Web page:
Lost and Found

I noticed a student reading a book today, worthy of comment for its unusualness. I asked what he was reading and he held up the cover rather than tell me - it took a moment to decipher, but it was Scar Tissue, the autobiography of the lead singer of the Red Hot Chilli Peppers.

"Have you ever heard of Nineteen Eighty-four?" he asked, then added by way of clarification, "By George Orwell."

"Yes," I replied, stifling a chuckle. How lovely that new readers believe themselves to be pioneers of literature new and old. I suppose, to share Roland Barthes' perspective, this might be true.

The conversation that followed switched back to discussing recording artists such as the aforementioned band, The Doors and various others who have long been held in high esteem, but my thoughts wandered elsewhere, to Nineteen Eighty-four and other books I have lost over the years.

When I say lost, I mean loaned to friends; the contradiction resides in these being the books I value most, thus they are the ones I want to lend out least, yet wish others to have the opportunity to appreciate them also.

So, Nineteen Eighty-four is missing, presumed loaned. To whom? I do not know, but it was the copy I 'borrowed' from school when I was doing my O' Levels, so it is only right that I should no longer possess it, I suppose. However, its absence reminds me more of its specialness and this intrigues me. If it were still on my bookshelf I wouldn't think of it at all; instead, I recall the hours spent sitting behind the counter of a windswept icecream kiosk in mid-November, clutching at the pages until my fingers turned grey, imagining Winston's world to be a whole lot more pleasing than mine was during those times.

"It was curious to think that the sky was the same for everybody, in Eurasia or Eastasia as well as here. And the people under the sky were also very much the same-everywhere, all over the world, hundreds or thousands of millions of people just like this, people ignorant of one another's existence, held apart by walls of hatred and lies, and yet almost exactly the same- people who had never learned to think but were storing up in their hearts and bellies and muscles the power that would one day overturn the world."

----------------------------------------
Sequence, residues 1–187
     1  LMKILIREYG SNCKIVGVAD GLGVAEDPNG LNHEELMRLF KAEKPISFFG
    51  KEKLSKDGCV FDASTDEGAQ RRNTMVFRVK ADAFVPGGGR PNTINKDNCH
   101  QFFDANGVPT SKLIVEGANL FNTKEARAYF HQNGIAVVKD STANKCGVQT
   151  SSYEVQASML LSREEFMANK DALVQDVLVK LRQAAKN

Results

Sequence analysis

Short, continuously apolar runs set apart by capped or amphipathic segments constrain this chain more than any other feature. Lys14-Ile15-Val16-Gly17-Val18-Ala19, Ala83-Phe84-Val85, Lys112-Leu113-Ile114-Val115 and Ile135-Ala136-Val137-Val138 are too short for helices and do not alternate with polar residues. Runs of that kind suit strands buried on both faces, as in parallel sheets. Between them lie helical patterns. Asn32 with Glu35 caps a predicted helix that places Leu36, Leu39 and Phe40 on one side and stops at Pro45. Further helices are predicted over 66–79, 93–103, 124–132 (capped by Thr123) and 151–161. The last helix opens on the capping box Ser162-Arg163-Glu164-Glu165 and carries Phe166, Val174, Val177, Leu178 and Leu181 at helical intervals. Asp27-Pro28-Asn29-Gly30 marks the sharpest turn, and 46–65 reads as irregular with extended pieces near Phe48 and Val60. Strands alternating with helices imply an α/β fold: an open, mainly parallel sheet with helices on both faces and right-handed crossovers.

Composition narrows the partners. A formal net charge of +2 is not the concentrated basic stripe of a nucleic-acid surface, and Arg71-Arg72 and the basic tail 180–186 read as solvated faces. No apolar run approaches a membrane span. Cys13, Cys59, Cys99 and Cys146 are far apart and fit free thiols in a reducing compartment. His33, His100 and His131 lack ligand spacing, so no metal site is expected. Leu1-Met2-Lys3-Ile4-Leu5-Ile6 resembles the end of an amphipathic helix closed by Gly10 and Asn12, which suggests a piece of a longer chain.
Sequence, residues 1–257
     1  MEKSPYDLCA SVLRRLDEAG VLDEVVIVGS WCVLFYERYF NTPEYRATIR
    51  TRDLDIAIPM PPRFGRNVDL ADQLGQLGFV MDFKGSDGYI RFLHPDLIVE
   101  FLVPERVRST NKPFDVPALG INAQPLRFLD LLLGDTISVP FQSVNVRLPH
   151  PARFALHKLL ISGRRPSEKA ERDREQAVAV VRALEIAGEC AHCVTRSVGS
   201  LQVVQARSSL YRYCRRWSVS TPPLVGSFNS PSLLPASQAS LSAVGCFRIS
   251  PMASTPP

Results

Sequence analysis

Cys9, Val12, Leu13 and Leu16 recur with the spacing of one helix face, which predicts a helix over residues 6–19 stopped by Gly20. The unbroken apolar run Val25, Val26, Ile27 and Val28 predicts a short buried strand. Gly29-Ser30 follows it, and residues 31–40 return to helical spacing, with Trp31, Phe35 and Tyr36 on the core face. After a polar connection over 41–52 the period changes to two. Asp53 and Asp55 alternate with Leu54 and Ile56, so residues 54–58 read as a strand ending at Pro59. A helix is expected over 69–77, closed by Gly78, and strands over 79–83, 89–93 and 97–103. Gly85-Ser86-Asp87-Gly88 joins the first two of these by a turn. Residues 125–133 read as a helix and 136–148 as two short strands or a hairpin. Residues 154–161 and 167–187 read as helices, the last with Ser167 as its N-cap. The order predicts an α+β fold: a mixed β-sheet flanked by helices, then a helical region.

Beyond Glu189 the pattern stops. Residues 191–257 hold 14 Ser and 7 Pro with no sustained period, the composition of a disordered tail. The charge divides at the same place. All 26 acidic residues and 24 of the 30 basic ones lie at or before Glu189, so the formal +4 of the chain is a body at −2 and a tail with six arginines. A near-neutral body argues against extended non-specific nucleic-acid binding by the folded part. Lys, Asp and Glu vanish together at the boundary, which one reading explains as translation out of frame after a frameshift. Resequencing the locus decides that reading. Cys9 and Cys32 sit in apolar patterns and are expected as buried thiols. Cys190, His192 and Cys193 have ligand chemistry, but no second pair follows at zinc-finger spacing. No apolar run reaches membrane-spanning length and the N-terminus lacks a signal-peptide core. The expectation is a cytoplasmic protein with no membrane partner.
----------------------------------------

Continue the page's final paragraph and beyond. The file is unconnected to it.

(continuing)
It's a terrible shame I no longer have this particular copy of Nineteen Eighty-four in my possession. Buying another just wouldn't be the same and I would more than likely end up loaning it out again, if only to remove the perceived need for clarification on the author in future interludes.

I also 'lost' Nights At The Circus, by Angela Carter (originally published in 1984, strangely enough) - a brilliantly comedic and moving tale of a woman called 'Fevvers', so named for her wings. My choice of lendee on this occasion was a young actor who, now in his forties, persists in his engagement with outrageous fashions. He often fell victim to the inaccurate judgements of others in relation to his uniqueness. I hope this is no longer so, but imagine that this was part of my reasoning for offering him the book in the first place and I like to think that he treasures it.

"Outside the window, there slides past that unimaginable and deserted vastness where night is coming on, the sun declining in ghastly blood-streaked splendour like a public execution across, it would seem, half a continent, where live only bears and shooting stars and the wolves who lap congealing ice from water that holds within it the entire sky. All white with snow as if under dustsheets, as if laid away eternally as soon as brought back from the shop, never to be used or touched. Horrors! And, as on a cyclorama, this unnatural spectacle rolls past at twenty-odd miles an hour in a tidy frame of lace curtains only a little the worse for soot and drapes of a heavy velvet of dark, dusty blue."

Most recently, I 'mislaid' Booky Wook 2 by Russell Brand, lent to someone I used to see on a bi-weekly basis, but due to their change of employment, no longer have any contact with. In this instance, the book is too modern and popular to be special in the same way as Orwell or Carter, but it is a good book nonetheless. Russell Brand's style is eloquent, humble and humorous in equal measure, with some truly beautiful prose on occasion, including my favourite passage (not necessarily for its religious imagery):

"God is in the mountains. Impassive, immovable, jagged giants, separating the celestial from the terrestrial with eternal diagonal certainty. As if silently monitoring the beating heart of the creator from the universe's perfect birth. Stood in the thin air and the awe, one inhales God, involuntarily acknowledging that we are but fragments of a whole, a higher thing. The mountains remind me of my place, as a servant to truth and wonder. Yes, God is in the mountains. Perhaps the pulpit too and even in the piety of an atheist's sigh. I don't know; but I feel him in the mountains."

Three books: so different in style and genre and yet they share the same talent for dishing up the ugliest features of humanity with beauty and splendour. This is why I loved them, why I lost them and why I will continue to find them at the forefront of my mind. To lend a book is essentially to offer it as a gift. Will I ever get them back? I can only hope, although given that my gregarious actor friend now lives in Australia, unless Nights At The Circus sprouts some 'Fevvers' of its own, I doubt I will be seeing it again.